WNPR

Environment

Human Traffic Signals

Apr 11, 2011
Uma Ramiah photo

For at least 20 minutes on Friday evening, no one ran a red light at the corner of Church and Chapel Streets downtown.

It may have been all those human red lights, on a mission.

“We’re here because we’ve noticed a problem in New Haven, where drivers run red lights pretty frequently,” said Juli Stupakevich (pictured), who organized a “Red Means Stop” protest at that intersection. “Red just doesn’t mean stop anymore.”

So Few Smelt

Apr 11, 2011
Flickr Creative Commons, John Loo

Migrating fish just a half-foot long once flooded coastal rivers of the northeast every spring. In recent decades, rainbow smelt populations have been declining every year, and are fading to a dim memory in many places. But not in Down East Maine. As part of a collaboration with Northeast stations, Murray Carpenter reports that elsewhere in the region, scientists are trying to bring them back.   

Public Service of New Hampshire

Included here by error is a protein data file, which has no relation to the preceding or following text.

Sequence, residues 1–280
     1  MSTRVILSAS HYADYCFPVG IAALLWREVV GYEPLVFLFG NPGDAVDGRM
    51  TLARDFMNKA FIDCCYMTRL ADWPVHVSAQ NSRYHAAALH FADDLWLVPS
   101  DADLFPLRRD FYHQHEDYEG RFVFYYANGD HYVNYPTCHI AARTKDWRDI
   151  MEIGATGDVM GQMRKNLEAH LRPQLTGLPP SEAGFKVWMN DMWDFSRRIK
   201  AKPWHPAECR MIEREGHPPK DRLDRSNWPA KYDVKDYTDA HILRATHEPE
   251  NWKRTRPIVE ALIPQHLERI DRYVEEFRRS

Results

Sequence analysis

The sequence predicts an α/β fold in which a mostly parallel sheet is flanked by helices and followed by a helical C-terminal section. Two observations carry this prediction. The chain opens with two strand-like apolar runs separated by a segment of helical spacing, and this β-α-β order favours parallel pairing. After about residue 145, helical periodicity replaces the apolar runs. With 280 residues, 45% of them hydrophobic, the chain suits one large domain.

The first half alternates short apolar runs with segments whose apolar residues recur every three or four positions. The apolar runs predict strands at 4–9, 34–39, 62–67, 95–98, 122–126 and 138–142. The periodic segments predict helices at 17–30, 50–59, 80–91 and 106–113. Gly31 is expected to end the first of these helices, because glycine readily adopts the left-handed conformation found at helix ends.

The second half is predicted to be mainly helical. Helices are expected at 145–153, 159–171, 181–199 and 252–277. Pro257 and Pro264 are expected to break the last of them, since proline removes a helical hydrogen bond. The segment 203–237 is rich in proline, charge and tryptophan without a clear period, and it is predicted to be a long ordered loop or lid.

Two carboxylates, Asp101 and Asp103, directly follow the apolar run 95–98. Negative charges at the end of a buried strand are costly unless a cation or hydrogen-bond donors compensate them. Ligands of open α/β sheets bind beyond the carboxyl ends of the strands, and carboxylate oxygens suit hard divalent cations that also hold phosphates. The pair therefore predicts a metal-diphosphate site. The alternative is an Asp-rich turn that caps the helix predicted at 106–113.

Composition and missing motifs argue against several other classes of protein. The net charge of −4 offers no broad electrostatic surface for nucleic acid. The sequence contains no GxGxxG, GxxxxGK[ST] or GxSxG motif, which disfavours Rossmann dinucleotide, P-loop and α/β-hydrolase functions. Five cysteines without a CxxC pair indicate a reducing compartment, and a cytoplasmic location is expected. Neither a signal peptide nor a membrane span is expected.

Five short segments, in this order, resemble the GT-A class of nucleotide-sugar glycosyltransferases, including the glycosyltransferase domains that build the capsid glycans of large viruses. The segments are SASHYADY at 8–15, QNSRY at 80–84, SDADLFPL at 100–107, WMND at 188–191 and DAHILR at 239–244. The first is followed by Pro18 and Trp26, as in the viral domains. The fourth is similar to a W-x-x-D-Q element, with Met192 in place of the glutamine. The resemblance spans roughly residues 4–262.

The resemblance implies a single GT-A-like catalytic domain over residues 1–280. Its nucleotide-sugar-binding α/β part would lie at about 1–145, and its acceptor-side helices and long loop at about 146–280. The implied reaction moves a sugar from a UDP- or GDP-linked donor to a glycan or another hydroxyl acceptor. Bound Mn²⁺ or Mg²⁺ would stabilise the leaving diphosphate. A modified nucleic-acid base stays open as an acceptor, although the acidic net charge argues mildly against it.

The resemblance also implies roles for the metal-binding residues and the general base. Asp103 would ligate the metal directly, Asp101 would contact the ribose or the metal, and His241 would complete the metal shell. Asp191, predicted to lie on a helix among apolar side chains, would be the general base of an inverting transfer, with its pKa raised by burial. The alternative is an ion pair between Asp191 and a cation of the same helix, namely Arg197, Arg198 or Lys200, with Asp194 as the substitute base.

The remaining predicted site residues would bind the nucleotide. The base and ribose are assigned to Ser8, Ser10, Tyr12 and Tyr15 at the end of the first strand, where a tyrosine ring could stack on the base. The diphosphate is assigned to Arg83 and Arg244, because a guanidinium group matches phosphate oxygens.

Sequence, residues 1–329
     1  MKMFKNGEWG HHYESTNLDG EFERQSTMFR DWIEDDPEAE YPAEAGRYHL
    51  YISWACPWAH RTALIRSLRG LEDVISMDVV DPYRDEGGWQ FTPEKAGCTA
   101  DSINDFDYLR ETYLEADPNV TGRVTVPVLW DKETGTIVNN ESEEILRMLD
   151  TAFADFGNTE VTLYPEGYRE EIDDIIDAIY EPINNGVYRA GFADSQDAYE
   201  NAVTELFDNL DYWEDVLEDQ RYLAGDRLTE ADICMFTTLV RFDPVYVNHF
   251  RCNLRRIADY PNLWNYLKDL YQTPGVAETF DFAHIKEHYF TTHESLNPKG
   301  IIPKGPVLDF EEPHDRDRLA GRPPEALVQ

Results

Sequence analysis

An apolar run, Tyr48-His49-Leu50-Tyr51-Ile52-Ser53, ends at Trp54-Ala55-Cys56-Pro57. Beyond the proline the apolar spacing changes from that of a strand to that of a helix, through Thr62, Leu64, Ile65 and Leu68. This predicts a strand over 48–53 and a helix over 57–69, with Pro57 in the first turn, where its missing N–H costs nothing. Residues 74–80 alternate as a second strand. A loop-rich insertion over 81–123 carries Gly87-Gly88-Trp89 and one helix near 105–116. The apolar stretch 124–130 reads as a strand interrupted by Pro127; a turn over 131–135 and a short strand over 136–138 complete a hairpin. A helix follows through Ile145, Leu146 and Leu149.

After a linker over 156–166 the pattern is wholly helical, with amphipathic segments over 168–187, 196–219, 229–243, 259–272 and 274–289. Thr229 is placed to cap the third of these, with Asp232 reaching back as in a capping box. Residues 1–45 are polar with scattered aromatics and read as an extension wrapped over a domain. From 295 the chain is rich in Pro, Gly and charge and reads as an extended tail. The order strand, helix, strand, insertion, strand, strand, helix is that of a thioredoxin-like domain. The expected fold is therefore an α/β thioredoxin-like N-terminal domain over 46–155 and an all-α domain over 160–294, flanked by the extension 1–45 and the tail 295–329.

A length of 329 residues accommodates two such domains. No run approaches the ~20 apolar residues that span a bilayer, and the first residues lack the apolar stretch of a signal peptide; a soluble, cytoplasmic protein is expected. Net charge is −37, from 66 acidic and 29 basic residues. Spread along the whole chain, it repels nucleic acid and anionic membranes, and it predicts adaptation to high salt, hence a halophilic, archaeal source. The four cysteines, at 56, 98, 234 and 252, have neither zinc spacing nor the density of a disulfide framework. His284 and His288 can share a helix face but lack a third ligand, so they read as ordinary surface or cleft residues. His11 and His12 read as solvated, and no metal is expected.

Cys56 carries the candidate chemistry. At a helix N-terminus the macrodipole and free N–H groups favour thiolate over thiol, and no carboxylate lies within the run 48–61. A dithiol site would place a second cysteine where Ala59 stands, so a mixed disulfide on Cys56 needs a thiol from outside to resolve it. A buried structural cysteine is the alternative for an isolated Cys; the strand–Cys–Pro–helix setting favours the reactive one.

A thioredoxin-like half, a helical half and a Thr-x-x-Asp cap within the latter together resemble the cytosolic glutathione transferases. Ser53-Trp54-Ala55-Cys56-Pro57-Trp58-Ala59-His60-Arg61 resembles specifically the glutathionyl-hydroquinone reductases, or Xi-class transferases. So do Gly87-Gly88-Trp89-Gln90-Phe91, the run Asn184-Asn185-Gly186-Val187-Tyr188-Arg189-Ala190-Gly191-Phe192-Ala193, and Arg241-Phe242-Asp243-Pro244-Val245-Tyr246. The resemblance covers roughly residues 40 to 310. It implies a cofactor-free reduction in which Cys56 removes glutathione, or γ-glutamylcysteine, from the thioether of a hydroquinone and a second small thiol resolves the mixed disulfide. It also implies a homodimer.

The nation’s first carbon trade system, which started in the northeast, may be in trouble. The Regional Greenhouse Gas Initiative, or RGGI, is designed to reduce greenhouse gas emissions ten percent by 2018. But now, three of the ten states in the initiative are considering withdrawing, in part, because of the cost to electric ratepayers. As part of a collaboration with Northeast stations, Amy Quinton with New Hampshire Public Radio reports.

Boaters Can Help Stop Spread Of Invasive Species

Apr 8, 2011
Andres Musta

The state Department of Environmental Protection is training volunteers to educate boaters about invasive species on Candlewood Lake. Last fall the invasive zebra mussel was found in Lakes Zoar and Lillinonah. The mussel can be carried in boats from one lake to another. Eleanor Mariani of the D.E.P. says the volunteers will ask boaters to make sure they’ve cleaned their vessels if they’ve been in a lake that contains the mussel.

Meeting On Mattresses

Apr 8, 2011
Violentz, Flickr Creative Commons

Government and businesses have figured out how to recycle a lot of things such as bottles and cans, old computers and even left-over paint. But how do you recycle something that’s big, bulky and may contain bed bugs? That’s the subject of the first national meeting on mattress recycling that will be held next Monday in Hartford. 

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